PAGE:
The cover for Jamie, fire ridge pride book two

Book Review: Jamie, Fire Ridge Pride #2

Title: Jamie

Series: Fire Ridge Pride (#2)

Author: Jae Greyn

Genre: MM Paranormal Shifter Romance



One night can change the whole world.

At 25, Jaime Wheeler hasn’t met anyone that makes him sit up and take notice. Then he sees the beautiful Sawyer Beaux. And wants him.

Between the bubbly champagne and the tequila courage, Jaime takes a chance, and Sawyer says yes.

One night leaves them both wanting more.

Jaime’s world crashes when he returns home, and he has to fix it. Can Sawyer accept what Jaime must do, or will Old-World Pride Law tear them apart?

His tongue was hotter than the water, and I needed something to hold onto because I felt like I was falling.

Jamie made me lose control, forget every problem, and live in the moment.

Check it out on Amazon now! It’s free to read with Kindle Unlimited.

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What I loved:

If you like shifters, low-angst romance between men, and political intrigue, this book is for you.

Jamie and Sawyer, both of them lion shifters, hook up once at the hotel where they’re both staying while attending Lena’s wedding to Sawyer’s brother Salem (which was arranged in the first book). Even from that one encounter, they’re both all-in with each other.

Their relationship to each other was very sweet and low-drama almost from the first chapter. Neither of them is all that experienced, but BOY DO THEY LEARN. However, despite that Jamie and Sawyer don’t have many second thoughts about each other, there IS plenty of conflict in the book. This comes in the form of Jamie’s family and forms the main thrust of the book’s plot.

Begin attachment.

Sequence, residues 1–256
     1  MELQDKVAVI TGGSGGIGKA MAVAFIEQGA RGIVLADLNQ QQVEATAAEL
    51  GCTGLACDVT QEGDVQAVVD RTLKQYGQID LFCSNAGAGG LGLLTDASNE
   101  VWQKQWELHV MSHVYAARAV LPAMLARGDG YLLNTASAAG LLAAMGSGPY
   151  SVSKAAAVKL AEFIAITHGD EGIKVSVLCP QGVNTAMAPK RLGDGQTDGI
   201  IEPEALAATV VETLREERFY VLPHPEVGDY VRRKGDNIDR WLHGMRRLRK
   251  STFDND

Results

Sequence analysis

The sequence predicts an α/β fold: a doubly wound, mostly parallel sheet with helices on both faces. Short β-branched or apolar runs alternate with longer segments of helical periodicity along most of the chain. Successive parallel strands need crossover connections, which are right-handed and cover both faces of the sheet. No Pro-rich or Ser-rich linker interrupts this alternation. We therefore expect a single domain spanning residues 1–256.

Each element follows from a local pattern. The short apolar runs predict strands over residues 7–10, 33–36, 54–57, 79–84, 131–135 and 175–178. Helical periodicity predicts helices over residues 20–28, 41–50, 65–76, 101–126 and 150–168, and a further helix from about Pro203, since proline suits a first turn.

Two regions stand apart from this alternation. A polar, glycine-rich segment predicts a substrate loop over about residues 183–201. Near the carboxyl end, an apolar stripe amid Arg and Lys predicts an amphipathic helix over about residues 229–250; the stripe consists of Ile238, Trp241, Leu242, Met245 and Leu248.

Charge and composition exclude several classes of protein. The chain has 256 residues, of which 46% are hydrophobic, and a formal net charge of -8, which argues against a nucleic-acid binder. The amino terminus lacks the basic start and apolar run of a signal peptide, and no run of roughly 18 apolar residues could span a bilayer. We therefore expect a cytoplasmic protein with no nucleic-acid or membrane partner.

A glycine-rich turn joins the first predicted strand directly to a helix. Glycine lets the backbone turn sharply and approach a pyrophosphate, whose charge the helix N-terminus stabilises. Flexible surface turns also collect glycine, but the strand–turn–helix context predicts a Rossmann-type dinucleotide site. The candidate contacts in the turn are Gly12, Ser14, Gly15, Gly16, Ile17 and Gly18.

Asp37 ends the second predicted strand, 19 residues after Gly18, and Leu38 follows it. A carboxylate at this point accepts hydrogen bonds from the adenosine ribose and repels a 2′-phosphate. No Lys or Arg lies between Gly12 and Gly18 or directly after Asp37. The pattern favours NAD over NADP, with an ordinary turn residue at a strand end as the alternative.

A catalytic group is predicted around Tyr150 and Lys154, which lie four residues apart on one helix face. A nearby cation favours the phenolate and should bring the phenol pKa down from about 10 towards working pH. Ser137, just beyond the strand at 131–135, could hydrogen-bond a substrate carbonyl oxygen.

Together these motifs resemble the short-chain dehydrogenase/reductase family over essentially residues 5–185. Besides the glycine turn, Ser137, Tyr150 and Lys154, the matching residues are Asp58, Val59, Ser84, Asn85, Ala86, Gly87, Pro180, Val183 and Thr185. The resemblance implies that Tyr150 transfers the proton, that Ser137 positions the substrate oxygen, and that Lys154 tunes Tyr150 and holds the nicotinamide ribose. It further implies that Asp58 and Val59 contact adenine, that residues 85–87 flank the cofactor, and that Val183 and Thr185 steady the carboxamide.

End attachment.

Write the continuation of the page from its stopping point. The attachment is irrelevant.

The part I found most surprising was that the story was really about pride politics as much as it was anything else. Similar to the first book, a lot of the conflict ended up being about marriage contracts. I found this interesting to read since it helped demonstrate who the lions are as a society. I got the strong sense that lion shifters aren’t just regular humans who have a special ability to turn into lions every now and then. Every part of their culture and way of life is deeply shaped by the animal they are within.

I do know that I called out some minor editing issues with Lou, the first book in the series, so I want to touch on that here. I’m happy to report that Jamie doesn’t have those issues. It was far easier to read, and the prose was much tighter.

That said, there are a LOT of secondary and tertiary characters to keep straight. This is a love story set in a massive (5000+ member) pride of lion shifters and their lives are very tangled up in each other’s, so it makes perfect sense that there’s a big cast of characters to contend with. If I’d read Lou immediately before reading Jamie, instead of reading it several weeks later, I’m sure I wouldn’t have had any issues keeping the cast straight at all.

I hinted at it earlier, but I’ll just come out and say that the best part about Jamie is, hands down, the romance that develops between Jamie and Sawyer. They’re very sweet with each other, pretty much right from the first page. They go to lengths to do nice things for each other, just because. Plus, there’s no internal struggle on Sawyer’s end when things get hard for Jamie. He’s claimed his man, so Jamie’s problems are his problems. So, naturally, I was rooting for them to get a happy ending by the end of the story.

All in all, it was a short, enjoyable read. I recommend it if you enjoy sweet (and often quite steamy) romance between men, shifters, group politics, and political intrigue.

Get it here on Amazon.

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